I found myself one Saturday evening sat in front of the television with my wife watching a popular mainstream entertainment programme presented by the comedian Michael McIntyre. An aspect of the programme is that somebody is ‘set-up’ to become the ‘unexpected star of the show and sing a song at the close of the programme.
The unexpected star on the episode I watched was a seventeen-year-old girl, who from the moment she appeared on our screen documented every comedy event with her smartphone. In the five minutes she was on screen she created at least five photographs as she created a visual record of everything she saw that was either unexpected or humorous, she even found time to create a selfie with a reality television celebrity who was part of the ‘set-up’.
The reason for this burst of photographic activity was not missed by McIntyre who commented in the excitement of the sting being revealed, that she had walked away from her phone, surely a traumatic situation for someone of her age.
The previous week I had watched the documentary film on Netflix American Meme, a film that follows the journeys of four social media disruptors, Paris Hilton (@parishilton), Josh Ostrovsky (@thefatjewish), Brittany Furlan (@brittanyfurlan) and Kirill Bichutsky (@slutwhisperer), as they hustle to create empires out of their online footprints. Footprints created and left through the creation of photographs and short- videos that document every aspect of their lives. It’s an interesting film and one worth checking out to gain an entry level insight into the business side of such social media engagement and the dark emotional impact it can have on those who find themselves absorbed by such digital immersion.
Only one of the people featured in the film came from a photographic background or with a photographic intention and yet all of them relied completely on the photographic image as their central form of communication. The one photographer who is featured, Kirill Bichutsky, a night-life photographer known for posting vulgar ‘Girls Gone Wild’-style pictures on his Instagram account @slutwhisperer fell into photography by mistake thanks to some informal portraits of the artist Drake. His documentation of half-naked girls in clubs being covered in champagne and imbibing countless shots are created as part of his club-night tour of the States promoted through his Instagram account. In that sense his work has a self-perpetuating sense of hardcore marketing of soft-core image making. Images created to promote the next event with no pure photographic intention.
All of the characters featured in the film just like the unexpected guest on the Macintyre show have an umbilical cord attachment to their smartphones, constantly documenting where they are, what they are doing and who they are with. In addition they also employ photographers and filmmakers to create images of themselves to quench the thirst of their armies of fans hooked on their image laded digital feeds. But the centre of all of these feeds is the self-creation of visual imagery by those who do not see themselves as photographers. Not once is the term ‘photographer’ used to describe the act of making photographs in the film by those creating the images.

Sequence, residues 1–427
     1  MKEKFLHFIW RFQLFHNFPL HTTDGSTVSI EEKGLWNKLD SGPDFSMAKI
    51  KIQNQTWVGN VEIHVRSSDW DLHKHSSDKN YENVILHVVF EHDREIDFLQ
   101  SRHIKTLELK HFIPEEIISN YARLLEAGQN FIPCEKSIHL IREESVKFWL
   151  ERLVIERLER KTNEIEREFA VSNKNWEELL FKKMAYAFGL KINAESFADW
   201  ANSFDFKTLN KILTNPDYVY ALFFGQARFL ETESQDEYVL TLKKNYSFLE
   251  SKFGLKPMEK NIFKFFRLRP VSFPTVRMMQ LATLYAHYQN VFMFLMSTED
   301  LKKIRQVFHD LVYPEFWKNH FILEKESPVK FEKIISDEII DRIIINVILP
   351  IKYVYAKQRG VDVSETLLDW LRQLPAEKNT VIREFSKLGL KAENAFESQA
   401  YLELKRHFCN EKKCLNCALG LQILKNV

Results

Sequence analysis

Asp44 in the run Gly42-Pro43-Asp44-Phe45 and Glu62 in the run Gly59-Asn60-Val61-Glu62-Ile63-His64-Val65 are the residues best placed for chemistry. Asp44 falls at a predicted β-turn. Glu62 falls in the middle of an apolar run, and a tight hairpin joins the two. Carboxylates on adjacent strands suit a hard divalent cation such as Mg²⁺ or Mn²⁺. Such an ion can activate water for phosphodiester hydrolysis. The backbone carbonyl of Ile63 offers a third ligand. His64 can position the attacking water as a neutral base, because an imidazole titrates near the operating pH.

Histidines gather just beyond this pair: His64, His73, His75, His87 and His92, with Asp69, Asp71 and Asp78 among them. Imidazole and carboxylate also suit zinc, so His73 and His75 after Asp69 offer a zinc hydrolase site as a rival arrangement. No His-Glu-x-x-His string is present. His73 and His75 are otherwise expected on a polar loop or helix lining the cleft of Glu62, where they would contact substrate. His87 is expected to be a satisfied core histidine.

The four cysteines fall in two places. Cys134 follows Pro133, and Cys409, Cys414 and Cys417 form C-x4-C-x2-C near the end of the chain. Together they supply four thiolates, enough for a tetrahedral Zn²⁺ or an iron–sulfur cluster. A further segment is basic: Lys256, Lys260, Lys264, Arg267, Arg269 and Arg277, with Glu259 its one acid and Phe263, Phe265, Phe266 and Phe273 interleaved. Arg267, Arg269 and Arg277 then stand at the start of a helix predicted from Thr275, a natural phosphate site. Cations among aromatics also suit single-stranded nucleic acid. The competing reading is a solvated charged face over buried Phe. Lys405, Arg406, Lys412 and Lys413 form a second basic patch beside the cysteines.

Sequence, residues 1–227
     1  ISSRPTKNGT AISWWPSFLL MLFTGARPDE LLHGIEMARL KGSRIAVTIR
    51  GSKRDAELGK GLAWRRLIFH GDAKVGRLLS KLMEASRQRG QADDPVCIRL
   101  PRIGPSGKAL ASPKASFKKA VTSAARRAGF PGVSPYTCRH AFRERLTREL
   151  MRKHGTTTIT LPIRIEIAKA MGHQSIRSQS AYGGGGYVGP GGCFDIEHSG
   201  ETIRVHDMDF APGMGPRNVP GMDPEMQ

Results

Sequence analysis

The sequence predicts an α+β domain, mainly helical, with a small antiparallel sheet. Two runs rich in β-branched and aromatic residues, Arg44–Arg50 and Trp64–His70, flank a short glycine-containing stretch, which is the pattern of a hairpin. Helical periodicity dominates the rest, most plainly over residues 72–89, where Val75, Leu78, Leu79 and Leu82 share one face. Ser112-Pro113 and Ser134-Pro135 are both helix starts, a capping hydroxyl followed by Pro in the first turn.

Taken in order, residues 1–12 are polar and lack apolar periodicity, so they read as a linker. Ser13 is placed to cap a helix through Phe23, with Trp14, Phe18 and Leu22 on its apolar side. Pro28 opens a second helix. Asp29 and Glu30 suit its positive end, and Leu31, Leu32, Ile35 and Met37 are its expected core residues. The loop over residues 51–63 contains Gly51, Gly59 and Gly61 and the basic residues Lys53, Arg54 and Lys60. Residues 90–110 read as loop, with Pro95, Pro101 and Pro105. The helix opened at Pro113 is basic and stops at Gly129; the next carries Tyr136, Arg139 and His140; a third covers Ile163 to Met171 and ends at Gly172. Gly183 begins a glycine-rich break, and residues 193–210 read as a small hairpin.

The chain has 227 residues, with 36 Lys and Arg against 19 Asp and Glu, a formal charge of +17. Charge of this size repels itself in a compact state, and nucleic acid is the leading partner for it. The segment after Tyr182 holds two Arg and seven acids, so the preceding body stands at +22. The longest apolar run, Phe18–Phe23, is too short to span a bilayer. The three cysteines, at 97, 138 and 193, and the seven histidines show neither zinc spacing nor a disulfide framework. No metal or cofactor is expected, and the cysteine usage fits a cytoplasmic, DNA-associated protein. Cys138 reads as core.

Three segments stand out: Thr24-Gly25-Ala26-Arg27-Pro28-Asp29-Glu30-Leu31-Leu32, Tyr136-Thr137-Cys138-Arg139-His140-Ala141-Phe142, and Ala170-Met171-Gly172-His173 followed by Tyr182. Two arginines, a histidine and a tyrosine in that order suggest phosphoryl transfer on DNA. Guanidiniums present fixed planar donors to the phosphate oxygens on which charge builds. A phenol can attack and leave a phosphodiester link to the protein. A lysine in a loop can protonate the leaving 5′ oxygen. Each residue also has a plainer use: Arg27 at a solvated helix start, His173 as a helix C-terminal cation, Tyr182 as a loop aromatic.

Surely, this is where photography is today. An expected functionality of a device to be used by those with little or no training or interest in the history or context of photography as a form of documentation. A shorthand language of global communication to be used by influencers to promote, market and sell product even if that product is the ‘self’. The mental health, and wellbeing of such activity is starting to become widely investigated and reported on and the affects such activity has on those included in American Meme is clear to see.
As someone fully engaged with photography and filmmaking from a more traditional route I find the appropriation and re-interpretation of visual storytelling by those who see it intrinsic to their lives outside of a traditional understanding both positive and informative. It challenges my understanding of the medium and how it is evolving, how others see it and how photography is viewed by those who have no interest in photography outside of its use as a communicative tool.
This is not in my opinion the death of photography or of the professional photographer, it is the transformation of photography, the democratisation of photography. It is not an intentional dumbing down but an inevitable result of technological developments in image creation and dissemination. The challenge for those involved with photography as photographers is not to dismiss the evolution of the medium but to respond to these developments both creatively and professionally.
Grant Scott is the founder/curator of United Nations of Photography, a Senior Lecturer in Professional Photography at the University of Gloucestershire, a working photographer, and the author of Professional Photography: The New Global Landscape Explained (Focal Press 2014) and The Essential Student Guide to Professional Photography (Focal Press 2015). His next book #New Ways of Seeing: The Democratic Language of Photography will be published by Bloomsbury Academic in 2019. He is currently work on his next documentary film project Woke Up This Morning: The Rock n’ Roll Thunder of Ray Lowry.
His documentary film, Do Not Bend: The Photographic Life of Bill Jay will be screened across the UK and the US in 2018.
© Grant Scott 2018